Orange Send A Loud Message On Defense
In a team-oriented sport like basketball, we often hear about the importance of communication: the coach calling plays, the point guard running them, the coach letting his players know when they’ve made a mistake. It’s hugely important, but as a team, Syracuse is sending a loud, loud message to its opponents with its defense:
“You’re not going to get many chances to score on us, and when you come up short, we’re not going to bail you out.”
Entering Wednesday night’s action, the Orange ranked in the top ten nationally in each of the following categories:
- Defensive turnover percentage (29.9% – second)
- Offensive rebounding percentage (43.0% – sixth)
- Blocked shots per game (6.8 – eighth)
- Defensive block percentage (21.7% – third)
- Steals per game (12.4 – first)
- Defensive steal percentage (17.9% – first)
As if that weren’t enough to tell you just how effectively the zone is working, the Orange rank in the bottom ten percent of all teams in fouls committed. The vice grip has been so tight that not a single team has scored even one point per possession. The closest any of SU’s nine opponents have come to the national average of offensive efficiency came against Albany, when Gerardo Suero and Logan Aronhalt gave the Orange headaches, but even then, SU won by a comfortable 14-point margin.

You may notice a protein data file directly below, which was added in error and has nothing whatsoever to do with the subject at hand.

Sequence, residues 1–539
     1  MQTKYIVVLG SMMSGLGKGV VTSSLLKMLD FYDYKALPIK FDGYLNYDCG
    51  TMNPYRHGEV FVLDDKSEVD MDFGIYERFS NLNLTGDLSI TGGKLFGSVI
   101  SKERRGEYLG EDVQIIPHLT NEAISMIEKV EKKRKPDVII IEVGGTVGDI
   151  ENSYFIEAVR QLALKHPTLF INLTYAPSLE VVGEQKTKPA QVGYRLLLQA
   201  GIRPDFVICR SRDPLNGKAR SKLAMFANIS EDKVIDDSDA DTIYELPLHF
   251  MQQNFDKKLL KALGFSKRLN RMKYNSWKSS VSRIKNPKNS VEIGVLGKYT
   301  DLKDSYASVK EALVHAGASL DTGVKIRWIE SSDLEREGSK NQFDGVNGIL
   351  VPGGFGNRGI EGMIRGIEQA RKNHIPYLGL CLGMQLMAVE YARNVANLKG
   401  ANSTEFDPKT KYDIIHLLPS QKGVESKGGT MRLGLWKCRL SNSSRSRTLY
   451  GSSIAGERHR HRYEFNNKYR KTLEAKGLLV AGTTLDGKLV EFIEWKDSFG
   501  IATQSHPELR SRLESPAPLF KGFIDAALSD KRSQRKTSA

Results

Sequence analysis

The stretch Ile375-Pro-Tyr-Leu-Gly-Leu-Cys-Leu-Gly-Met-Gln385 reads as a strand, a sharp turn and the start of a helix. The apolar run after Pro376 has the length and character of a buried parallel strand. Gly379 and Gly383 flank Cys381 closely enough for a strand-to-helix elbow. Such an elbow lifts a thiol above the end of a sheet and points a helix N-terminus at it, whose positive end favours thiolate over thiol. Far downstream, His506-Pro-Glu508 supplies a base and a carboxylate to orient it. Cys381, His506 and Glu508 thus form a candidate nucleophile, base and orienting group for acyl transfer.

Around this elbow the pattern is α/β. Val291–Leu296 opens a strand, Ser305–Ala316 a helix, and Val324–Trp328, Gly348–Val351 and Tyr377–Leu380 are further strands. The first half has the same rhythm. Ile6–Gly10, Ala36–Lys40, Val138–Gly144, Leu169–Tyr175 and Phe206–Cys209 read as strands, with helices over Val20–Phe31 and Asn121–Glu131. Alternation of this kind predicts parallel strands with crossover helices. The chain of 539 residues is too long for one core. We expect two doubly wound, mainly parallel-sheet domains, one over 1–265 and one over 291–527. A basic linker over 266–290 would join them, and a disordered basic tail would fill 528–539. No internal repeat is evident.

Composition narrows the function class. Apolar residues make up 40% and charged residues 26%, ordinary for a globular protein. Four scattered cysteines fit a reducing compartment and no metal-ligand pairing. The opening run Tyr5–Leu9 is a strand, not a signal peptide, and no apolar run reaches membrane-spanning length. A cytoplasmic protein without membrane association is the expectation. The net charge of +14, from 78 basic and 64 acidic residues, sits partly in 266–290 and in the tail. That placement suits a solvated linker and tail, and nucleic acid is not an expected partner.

Some teams are able to make up for their scoring challenges in other areas, such as Marshall’s impressive glasswork Tuesday night. As of Wednesday night, three Big East teams in addition to the Orange (Pittsburgh, UConn and West Virginia) rank in the top ten nationally in offensive rebounding percentage, so SU’s biggest tests are still to come, but it’s hard not to be blown away by the clamps they’ve put down.
The schedule has been pretty soft, even by Jim Boeheim’s standards, but Marshall and Tulane’s success in the early going have nudged the slate up just a tick from how it was perceived when it was finalized before the season. It’s still an uninspiring set of opponents – and that’s with Florida included. This isn’t me putting lipstick on a pig, but I have a feeling that at the end of the season, it won’t look nearly as bad as we thought as when the schedule was assembled.
In short, to beat the Orange, all you have to do is play a well-rounded game at both ends of the floor and hope for a heavy dose of miscues by the Orange.
Pretty simple, right?